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Gordon John.

posted Jun 8, 2015, 12:57 PM by Upali Salpadoru   [ updated Jul 14, 2019, 2:05 PM ]
posted 28 Nov 2014, 03:51 by Chalaka Salpadoru   

Sir.John Gordon 1933

Date of Birth:- October 2nd.

 Born with a silver spoon              in the mouth, considered as          stupid by the teachers,          Gordon proved that every cell        in our body has all our genes. 

The discovery was highly honoured by the Swedish Academy of Science.


  His father was William Gordon, a descendant of an ancestral family from Suffolk, with the family motto "virtus viget in arduis" [virtue flourishes in adversity]. His mother Marjorie Byass, from an East Yorkshire farming family.


1938  Age 5 Yrs.

He was admitted to the Primary school Edge borough, .

1939  Age 6 Yrs.

The World war II started.

1941 Age 8 Yrs.

  He was sent to a private school, Frensham Heights. One teacher conducting an IQ test ordered him to draw an orange, expecting a circle. He started drawing a vertical line. The teacher got very angry and tore up the paper and reported that the child was below average and would need special teaching.  When the parents asked the child, why he drew a line , John said. ” That’s the stalk. How can an orange be in space”.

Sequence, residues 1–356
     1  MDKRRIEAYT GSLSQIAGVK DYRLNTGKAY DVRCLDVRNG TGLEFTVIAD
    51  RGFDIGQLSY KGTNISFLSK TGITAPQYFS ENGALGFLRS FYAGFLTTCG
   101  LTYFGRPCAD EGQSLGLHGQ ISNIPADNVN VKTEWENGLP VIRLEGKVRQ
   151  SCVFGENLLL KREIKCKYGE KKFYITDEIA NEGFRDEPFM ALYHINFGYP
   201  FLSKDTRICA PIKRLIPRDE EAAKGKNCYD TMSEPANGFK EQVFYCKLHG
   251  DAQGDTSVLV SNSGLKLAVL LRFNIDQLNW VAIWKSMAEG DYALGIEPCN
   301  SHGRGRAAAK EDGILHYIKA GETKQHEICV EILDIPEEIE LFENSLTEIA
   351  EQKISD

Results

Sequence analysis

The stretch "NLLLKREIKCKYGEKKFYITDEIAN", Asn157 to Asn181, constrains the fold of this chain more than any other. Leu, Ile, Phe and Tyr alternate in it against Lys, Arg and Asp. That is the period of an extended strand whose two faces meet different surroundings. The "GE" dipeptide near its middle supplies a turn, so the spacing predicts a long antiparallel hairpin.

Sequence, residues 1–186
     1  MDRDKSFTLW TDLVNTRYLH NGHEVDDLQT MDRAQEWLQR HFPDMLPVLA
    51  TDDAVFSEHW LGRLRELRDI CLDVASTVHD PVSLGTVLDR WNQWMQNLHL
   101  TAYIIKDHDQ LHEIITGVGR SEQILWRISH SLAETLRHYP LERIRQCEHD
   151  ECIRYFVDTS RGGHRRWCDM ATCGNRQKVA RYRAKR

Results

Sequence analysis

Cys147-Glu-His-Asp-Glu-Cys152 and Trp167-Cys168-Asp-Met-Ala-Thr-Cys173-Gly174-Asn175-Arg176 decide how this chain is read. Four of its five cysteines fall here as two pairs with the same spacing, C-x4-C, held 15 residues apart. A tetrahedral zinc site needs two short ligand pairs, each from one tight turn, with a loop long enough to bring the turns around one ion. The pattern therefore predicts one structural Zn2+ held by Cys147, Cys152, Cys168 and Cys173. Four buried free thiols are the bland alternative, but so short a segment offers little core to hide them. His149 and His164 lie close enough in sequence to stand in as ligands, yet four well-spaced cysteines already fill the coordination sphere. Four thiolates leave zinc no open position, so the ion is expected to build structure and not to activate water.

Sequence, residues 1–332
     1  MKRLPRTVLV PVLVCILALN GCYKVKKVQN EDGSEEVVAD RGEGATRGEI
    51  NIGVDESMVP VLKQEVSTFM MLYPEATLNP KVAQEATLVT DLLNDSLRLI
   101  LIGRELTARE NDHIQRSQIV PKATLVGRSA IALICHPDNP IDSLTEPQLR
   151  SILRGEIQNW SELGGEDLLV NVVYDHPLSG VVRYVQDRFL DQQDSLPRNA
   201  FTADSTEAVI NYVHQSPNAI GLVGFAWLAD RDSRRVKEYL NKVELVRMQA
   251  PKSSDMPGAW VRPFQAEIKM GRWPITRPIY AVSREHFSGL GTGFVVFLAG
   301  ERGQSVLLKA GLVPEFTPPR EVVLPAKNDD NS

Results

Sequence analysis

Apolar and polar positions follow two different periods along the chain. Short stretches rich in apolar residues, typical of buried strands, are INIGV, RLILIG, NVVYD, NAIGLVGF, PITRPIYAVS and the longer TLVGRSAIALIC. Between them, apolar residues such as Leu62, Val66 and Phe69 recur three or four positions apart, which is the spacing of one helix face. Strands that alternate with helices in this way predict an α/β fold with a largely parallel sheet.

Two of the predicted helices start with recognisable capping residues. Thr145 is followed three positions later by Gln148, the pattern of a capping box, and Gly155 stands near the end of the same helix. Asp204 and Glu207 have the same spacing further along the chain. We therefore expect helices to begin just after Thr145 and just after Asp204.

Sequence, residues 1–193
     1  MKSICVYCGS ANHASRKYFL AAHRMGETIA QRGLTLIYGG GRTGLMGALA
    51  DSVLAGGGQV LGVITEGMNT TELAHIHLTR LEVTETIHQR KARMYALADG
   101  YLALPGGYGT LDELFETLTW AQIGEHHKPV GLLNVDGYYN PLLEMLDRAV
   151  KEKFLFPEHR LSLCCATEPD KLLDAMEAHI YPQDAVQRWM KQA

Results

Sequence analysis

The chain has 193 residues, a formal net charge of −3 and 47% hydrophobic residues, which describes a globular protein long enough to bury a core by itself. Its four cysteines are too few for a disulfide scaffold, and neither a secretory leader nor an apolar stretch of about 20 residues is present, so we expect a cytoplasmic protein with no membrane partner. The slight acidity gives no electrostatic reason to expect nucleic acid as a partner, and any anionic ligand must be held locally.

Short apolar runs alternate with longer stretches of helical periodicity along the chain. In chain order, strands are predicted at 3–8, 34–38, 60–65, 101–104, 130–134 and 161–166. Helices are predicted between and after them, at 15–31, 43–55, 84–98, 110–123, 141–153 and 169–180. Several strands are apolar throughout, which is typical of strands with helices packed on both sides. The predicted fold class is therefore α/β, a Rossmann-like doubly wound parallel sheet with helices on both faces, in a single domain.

1942  Age 9Yrs.

He was moved to another school Edge borough, where he was quite at home. He took a keen interest in the environment especially plants and animals. His main hobby was to collect caterpillars and develop them into moths and butterflies.


1946  Age 13Yrs.

He became a boarder at the prestigious Eton College. There he had a tiresome time due to the bossy nature of the senior students. As an escape he took to sports.  Finally he became the captain of the school squash team.

He continued chasing butterflies and vouched that he would be a scientist one day.


1948 Age 15 Yrs.

His Biology teacher made such an adverse report, any other student would have got knocked down completely. ,   "I believe he has ideas about becoming a scientist; on his present showing this is quite ridiculous."  When the head master received the report , he pulled the boy out of the science stream and placed among a group of students of low ability. He had to follow classics. (It is a scrap of paper that Nobel Laureate Sir John Bertrand Gurdon, keeps framed in his Cambridge University Office. He says. “Sometimes when an experiment doesn’t work …..I feel the school master may have been right”.